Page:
Personalised learning should become the future in schools. I believe there will still be a need for the provision of key subjects. These will form the foundations of learning, and learners will then build their own curriculum based upon individual needs and interests. There will be a curriculum entitlement based on choice, breadth of study and personal interest. Individuals will be able to navigate the educational system, build blocks of learning and construct their own route in education. This personal approach will encourage life-long learning as we realise that learning does not just happen in schools; it is happening all around us and is a part of everything we do in life. Today in schools we have pupils who are extremely knowledgeable in areas that are not accredited by the National Curriculum. Tomorrow's learners will have learning in all aspects of their lives acknowledged be it 'school', work or leisure based. This way of learning is made possible through the advances in new technology and the ease of access to knowledge.

Virtual Learning Environments are playing an increasing role in schools. Schools now have their own learning platforms where students have access to web pages, email, message boards, text and video conferencing, shared diaries, online social areas, as well as assessment tools. Technology helps learners connect with their communities and the global community. Learners have information at their finger tips and can source information on a global scale. Students will research and communicate on the internet learning through video links with renowned experts in their on field.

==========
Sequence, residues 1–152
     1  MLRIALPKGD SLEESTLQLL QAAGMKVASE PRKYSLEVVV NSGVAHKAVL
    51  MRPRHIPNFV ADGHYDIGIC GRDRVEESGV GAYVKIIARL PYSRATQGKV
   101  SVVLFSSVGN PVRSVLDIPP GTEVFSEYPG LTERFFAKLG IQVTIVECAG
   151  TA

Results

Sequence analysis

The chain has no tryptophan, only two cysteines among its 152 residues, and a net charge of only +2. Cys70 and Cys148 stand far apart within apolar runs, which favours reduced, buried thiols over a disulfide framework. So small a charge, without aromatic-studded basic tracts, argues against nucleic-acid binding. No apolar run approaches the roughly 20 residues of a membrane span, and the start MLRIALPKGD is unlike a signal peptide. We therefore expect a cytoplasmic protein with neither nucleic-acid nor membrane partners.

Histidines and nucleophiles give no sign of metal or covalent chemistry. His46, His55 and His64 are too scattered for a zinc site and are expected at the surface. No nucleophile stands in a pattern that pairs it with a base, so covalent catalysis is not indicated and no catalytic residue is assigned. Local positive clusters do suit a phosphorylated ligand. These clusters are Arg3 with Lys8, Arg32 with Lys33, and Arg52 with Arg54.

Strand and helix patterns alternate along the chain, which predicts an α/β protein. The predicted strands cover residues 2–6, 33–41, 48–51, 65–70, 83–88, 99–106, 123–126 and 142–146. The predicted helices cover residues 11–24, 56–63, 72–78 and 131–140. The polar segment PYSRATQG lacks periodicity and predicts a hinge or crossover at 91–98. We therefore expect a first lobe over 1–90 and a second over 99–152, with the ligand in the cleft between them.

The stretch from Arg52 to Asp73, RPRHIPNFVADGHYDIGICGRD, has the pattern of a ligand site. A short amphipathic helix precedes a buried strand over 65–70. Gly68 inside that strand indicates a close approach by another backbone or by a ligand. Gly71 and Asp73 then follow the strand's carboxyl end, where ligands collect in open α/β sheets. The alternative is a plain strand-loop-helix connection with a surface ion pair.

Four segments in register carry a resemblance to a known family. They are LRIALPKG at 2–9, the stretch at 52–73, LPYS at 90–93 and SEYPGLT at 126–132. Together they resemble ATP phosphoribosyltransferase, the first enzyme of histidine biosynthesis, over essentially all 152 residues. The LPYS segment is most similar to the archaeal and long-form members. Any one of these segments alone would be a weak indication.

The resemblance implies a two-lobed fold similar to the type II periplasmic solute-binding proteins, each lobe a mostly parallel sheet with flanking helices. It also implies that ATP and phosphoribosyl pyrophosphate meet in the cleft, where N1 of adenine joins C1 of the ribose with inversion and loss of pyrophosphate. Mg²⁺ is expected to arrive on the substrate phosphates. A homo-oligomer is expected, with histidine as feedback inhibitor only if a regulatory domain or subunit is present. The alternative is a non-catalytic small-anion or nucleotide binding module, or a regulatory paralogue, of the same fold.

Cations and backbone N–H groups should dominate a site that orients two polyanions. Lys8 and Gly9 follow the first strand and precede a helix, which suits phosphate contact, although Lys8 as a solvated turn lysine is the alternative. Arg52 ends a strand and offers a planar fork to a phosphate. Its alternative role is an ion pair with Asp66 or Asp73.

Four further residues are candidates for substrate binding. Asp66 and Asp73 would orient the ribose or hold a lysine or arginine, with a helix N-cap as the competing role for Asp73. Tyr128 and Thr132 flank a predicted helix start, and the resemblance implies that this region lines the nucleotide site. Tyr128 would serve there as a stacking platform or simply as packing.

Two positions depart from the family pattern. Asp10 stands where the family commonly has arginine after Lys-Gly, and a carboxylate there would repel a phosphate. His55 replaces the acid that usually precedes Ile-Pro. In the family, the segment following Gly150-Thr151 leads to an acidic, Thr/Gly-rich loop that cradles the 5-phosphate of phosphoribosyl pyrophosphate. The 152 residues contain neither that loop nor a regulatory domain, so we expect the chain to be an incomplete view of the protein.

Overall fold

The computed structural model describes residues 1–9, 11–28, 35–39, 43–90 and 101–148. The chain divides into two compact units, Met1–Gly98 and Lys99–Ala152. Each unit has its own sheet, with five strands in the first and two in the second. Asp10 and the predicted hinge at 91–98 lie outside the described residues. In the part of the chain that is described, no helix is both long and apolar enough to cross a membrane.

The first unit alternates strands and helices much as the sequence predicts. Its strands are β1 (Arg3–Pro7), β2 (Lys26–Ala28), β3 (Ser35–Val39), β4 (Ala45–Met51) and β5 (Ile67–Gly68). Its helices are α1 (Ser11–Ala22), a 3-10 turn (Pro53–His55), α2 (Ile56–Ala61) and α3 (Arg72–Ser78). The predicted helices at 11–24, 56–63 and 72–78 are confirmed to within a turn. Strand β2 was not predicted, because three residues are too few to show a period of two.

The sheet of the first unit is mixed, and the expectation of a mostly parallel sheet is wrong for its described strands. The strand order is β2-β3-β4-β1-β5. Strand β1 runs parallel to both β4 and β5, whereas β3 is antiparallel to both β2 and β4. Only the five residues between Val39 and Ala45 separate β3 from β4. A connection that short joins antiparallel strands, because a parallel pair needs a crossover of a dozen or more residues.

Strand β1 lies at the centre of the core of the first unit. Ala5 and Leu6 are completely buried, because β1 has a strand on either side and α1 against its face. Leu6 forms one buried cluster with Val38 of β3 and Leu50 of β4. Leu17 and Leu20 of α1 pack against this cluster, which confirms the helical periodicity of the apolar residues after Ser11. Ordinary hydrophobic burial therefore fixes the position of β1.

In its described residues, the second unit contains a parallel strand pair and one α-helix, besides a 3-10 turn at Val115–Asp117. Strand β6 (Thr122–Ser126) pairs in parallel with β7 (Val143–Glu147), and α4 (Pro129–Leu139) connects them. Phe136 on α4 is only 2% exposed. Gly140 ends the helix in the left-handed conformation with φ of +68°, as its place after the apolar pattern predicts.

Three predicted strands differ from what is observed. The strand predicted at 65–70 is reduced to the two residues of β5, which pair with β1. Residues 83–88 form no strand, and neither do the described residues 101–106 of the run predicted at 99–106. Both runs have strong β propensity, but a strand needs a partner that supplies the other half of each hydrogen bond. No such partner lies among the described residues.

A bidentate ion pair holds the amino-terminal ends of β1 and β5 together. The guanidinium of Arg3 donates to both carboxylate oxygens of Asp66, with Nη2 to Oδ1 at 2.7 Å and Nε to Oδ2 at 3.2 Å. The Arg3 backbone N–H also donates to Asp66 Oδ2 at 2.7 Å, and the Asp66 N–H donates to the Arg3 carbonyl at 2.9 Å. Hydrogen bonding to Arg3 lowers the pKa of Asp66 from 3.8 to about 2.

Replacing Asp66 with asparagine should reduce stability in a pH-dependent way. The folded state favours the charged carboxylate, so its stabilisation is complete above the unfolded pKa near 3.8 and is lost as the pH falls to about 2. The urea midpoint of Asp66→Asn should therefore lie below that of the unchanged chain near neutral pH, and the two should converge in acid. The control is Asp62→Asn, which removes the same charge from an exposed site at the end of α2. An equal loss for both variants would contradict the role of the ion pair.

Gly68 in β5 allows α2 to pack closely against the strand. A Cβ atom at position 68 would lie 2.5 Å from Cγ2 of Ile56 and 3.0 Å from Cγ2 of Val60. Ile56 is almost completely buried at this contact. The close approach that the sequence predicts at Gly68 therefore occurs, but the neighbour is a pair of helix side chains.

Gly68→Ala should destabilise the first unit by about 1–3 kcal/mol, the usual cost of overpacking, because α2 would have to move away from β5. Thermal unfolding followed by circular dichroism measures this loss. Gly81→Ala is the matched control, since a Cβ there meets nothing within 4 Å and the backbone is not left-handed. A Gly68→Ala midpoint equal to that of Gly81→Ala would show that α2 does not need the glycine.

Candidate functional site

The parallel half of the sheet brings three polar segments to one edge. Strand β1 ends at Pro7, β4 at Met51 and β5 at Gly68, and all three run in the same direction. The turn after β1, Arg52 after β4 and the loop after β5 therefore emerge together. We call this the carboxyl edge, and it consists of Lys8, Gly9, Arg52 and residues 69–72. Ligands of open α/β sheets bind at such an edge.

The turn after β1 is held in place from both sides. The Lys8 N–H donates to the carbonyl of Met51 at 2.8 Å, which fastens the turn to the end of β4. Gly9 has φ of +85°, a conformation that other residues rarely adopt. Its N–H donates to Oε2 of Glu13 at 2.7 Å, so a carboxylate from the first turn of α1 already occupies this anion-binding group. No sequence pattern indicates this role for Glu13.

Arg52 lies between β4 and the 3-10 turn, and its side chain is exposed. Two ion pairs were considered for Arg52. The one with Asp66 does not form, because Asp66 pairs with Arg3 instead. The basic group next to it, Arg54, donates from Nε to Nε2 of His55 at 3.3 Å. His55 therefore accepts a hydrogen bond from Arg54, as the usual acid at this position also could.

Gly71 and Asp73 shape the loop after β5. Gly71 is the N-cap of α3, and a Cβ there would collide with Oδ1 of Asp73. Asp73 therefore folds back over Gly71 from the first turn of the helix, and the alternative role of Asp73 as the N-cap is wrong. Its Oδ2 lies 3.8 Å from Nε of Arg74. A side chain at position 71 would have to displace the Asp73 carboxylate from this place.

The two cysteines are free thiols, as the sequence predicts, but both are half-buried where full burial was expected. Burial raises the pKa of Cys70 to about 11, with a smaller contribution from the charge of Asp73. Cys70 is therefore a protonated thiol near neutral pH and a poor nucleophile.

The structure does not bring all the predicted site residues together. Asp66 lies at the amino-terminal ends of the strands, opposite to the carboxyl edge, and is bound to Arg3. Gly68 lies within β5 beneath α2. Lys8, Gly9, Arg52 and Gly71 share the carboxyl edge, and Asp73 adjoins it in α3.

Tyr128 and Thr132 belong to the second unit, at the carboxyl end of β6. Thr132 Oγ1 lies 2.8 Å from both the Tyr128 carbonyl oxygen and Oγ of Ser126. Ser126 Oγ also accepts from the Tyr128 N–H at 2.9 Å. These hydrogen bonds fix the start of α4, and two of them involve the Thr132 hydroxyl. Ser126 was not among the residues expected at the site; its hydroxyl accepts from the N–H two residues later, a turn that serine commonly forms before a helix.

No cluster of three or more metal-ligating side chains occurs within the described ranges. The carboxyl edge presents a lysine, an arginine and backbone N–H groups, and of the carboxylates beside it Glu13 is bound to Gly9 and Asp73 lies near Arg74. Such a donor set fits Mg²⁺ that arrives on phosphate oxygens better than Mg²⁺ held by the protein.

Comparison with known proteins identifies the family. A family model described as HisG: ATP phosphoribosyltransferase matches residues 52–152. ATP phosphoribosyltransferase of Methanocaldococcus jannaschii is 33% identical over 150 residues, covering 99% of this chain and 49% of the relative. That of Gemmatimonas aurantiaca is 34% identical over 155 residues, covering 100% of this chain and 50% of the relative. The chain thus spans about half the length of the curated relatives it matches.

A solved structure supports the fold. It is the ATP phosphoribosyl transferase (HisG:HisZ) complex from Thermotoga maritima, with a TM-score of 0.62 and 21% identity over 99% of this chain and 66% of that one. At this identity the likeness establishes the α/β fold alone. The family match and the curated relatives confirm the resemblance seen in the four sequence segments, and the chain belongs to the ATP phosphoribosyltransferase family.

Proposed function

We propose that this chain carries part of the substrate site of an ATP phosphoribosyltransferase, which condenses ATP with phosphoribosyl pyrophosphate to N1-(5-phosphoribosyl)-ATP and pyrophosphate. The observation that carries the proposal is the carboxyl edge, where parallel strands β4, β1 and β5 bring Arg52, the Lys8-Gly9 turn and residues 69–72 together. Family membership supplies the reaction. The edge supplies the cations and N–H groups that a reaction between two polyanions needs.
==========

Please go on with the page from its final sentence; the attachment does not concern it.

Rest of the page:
So what will be the role of tomorrow's teachers?

Teachers of the future will take on the role of a mentor and act as facilitators, as pupils build their own route in education. It will be the teacher's role to guide learners towards a broad and balanced curriculum and teach them the skills needed to embark on personal study and research. Conferencing will take on a major role as teachers encourage self-assessment and reflection. In short, they will unlock the potential within all learners and empower them with the tools for learning.